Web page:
Vandalism, Ed Balls, Europe, Architecture

Hic sunt camelopardus: this historical edition of The Browser is presented for archaeological purposes; links and formatting may be broken.

When Isis Destroys Ancient Monuments

Simon Jenkins | Guardian | 14th March 2015

We must rebuild the monuments of Mesapotamia that Isis is destroying, and build facsimiles where necessary. "Nimrud, Hatra and Nineveh are 6,000-year-old bedrocks of our culture. Their destruction tears at the roots of Eurasia’s shared identity." If we lose them, "the narrative is snapped". Facsimiles are a poor second-best, but they are far better nothing; they help us to remember, and they inform future generations (1,020 words)

Keynes’s Bulldog

George Eaton | New Statesman | 11th March 2015

Profile of Ed Balls, the pugnacious Labour MP in line to become Chancellor of the Exchequer if Labour wins the election in May. His skills for the job have been proven; he was an effective right hand to Gordon Brown when Brown was Chancellor. But he often seems to be more of a rival than an ally to his party leader, Ed Miliband. David Cameron calls Balls “the most annoying person in modern politics” (4,400 words)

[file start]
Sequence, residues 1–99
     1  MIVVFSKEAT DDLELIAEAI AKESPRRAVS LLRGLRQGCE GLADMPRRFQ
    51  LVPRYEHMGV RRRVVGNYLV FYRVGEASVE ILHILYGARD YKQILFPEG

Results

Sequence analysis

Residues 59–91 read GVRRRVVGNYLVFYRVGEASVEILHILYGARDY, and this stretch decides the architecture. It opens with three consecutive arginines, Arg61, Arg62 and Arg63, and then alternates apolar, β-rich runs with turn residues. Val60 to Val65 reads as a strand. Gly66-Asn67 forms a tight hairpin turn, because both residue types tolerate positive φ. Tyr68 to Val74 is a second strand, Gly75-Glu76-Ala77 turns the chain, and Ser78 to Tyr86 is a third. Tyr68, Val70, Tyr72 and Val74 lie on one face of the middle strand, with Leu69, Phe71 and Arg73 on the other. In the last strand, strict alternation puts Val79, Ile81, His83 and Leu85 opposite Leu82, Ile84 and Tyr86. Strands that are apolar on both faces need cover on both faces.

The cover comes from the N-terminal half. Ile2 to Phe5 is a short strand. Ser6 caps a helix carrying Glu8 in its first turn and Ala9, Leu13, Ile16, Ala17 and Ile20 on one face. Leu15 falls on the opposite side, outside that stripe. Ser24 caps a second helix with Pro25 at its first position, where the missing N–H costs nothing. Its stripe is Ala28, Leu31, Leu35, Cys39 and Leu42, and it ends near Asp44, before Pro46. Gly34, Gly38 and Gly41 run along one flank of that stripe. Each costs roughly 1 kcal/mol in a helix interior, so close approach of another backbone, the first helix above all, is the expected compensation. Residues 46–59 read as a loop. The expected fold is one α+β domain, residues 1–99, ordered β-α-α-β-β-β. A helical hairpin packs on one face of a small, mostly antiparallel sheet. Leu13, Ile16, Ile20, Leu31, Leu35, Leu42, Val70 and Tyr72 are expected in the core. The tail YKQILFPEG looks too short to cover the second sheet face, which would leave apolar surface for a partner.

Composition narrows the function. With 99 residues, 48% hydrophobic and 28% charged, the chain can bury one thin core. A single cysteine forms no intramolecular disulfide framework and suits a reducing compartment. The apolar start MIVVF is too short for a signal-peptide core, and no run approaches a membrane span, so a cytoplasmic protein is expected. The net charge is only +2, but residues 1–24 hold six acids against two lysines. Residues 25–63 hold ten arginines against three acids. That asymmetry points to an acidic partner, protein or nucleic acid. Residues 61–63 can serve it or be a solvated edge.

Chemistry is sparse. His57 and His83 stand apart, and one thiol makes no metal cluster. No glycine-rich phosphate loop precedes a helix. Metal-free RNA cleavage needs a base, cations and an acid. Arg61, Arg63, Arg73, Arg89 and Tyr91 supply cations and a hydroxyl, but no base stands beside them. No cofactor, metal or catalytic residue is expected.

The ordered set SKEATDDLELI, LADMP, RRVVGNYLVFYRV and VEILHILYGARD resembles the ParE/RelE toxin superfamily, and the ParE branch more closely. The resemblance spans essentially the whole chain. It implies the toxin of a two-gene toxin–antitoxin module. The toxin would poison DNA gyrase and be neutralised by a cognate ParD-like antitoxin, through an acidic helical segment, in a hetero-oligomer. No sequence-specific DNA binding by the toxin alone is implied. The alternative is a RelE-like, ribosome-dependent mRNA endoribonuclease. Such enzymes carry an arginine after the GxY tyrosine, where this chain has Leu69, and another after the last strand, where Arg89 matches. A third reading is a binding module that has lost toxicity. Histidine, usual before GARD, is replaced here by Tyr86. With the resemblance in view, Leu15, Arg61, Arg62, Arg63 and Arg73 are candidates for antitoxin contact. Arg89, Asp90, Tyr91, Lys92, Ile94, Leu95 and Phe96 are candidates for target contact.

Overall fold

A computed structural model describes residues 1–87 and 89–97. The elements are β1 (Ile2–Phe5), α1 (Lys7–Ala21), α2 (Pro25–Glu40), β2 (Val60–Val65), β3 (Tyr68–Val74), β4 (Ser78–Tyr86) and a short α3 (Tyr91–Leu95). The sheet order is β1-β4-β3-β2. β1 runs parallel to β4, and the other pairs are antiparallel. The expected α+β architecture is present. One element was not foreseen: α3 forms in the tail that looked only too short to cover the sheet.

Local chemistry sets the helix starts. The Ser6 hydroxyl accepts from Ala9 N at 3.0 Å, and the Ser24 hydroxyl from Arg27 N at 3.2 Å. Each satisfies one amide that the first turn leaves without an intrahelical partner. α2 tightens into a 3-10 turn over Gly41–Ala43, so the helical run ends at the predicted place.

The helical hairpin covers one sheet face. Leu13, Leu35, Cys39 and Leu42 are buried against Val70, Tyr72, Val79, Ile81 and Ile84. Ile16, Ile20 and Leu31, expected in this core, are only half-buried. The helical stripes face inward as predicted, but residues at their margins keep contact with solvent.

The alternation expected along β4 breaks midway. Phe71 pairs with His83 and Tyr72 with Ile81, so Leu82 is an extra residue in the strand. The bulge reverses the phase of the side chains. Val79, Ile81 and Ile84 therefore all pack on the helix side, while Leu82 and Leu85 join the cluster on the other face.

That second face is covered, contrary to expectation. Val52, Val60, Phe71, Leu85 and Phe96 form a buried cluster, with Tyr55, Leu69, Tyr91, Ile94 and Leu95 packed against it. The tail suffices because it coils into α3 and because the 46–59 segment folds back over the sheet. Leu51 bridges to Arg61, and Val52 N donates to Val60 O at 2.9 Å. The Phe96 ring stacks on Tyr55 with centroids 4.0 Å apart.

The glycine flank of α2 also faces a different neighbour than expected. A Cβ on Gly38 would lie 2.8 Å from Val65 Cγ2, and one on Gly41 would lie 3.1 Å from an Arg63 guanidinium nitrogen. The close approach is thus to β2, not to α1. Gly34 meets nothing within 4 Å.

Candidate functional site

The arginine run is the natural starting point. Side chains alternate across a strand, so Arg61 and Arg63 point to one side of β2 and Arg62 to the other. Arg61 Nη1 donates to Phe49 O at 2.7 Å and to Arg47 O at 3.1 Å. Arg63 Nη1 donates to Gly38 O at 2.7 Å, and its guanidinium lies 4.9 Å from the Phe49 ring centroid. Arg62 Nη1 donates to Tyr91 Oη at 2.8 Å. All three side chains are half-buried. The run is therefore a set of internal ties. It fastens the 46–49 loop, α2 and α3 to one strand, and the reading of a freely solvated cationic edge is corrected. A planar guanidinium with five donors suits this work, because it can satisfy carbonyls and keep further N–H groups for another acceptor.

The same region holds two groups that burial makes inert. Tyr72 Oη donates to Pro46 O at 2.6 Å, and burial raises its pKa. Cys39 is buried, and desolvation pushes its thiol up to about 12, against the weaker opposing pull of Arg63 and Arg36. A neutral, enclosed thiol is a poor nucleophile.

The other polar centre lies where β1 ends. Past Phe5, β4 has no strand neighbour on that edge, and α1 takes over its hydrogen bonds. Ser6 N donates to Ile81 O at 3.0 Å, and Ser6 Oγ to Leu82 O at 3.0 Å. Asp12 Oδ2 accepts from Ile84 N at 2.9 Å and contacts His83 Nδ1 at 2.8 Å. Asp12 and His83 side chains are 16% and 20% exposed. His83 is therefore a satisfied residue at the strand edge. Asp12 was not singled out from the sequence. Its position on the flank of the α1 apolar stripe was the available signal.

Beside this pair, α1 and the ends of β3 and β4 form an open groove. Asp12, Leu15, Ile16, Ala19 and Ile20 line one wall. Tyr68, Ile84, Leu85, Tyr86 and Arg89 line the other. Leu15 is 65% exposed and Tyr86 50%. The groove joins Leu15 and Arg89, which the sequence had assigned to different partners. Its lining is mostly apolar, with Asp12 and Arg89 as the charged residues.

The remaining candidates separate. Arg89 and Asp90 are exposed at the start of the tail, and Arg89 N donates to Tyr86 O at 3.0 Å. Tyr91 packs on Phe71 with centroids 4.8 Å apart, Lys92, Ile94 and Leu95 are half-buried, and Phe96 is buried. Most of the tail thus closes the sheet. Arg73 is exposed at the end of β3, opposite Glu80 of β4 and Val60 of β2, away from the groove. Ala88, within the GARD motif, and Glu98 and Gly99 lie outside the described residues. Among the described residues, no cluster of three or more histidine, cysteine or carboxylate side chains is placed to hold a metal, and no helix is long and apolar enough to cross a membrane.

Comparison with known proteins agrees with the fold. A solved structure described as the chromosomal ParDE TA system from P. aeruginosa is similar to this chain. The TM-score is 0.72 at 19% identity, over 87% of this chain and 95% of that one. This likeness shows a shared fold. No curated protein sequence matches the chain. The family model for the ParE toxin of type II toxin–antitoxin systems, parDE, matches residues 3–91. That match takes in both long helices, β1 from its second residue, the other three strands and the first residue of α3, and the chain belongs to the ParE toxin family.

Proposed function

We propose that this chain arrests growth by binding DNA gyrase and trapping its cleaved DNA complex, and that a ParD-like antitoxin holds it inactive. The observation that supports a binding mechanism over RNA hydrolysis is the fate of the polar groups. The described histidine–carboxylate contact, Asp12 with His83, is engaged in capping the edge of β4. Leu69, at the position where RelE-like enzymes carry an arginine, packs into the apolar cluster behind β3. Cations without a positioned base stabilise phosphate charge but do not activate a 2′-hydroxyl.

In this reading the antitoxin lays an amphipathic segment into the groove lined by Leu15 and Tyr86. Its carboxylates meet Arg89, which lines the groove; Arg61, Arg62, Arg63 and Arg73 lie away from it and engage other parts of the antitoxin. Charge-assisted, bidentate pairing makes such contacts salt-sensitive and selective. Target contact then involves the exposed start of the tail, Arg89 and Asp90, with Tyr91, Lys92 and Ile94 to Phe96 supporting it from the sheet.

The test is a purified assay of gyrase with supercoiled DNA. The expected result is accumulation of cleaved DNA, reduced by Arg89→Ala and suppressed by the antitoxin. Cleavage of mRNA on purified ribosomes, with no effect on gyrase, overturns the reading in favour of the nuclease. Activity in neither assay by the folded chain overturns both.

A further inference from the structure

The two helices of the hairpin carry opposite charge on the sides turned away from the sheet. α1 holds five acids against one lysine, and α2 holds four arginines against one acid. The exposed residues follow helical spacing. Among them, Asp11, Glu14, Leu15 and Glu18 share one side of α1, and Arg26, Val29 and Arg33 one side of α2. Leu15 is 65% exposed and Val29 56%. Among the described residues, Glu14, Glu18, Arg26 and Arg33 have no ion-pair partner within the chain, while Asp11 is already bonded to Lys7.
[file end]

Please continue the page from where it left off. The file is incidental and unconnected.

Europe’s Torture Will Be Slow

Timothy Garton Ash | Guardian | 8th March 2015

And it may be fatal. "The structural problems of the eurozone require a transnational European democratic solidarity of fellow citizens which does not exist between different nationalities in the eurozone, and is not in prospect any time soon. And so we will struggle on, torn between national politics and European policies, while the monetary union that was meant to unite Europe pulls it apart. But the torture will be slow" (1,320 words)

Architecture And The Lost Art of Drawing

Michael Graves | New York Times | 1st September 2012 | Metered paywall

The modernist architect Michael Graves, known as much for designs of toasters and kettles as for towers, died this week. In this article from 2012 Graves laments the replacement of drawing by hand by computer software which, supposedly, does the job quicker and neater. Graves still preferred to draw and feel the picture emerge beneath his pencil. "The drawing is a reminder of the idea that caused me to record it in the first place" (1,150 words)

Video of the day: Bob Dylan – The Night We Called It A Day

What to expect: Film noir pastiche accompanying Dylan's cover of Frank Sinatra's 1942 standard (3'27")

Thought for the day

Politics is the art of devising temporary remedies for recurring evils
John Gray (

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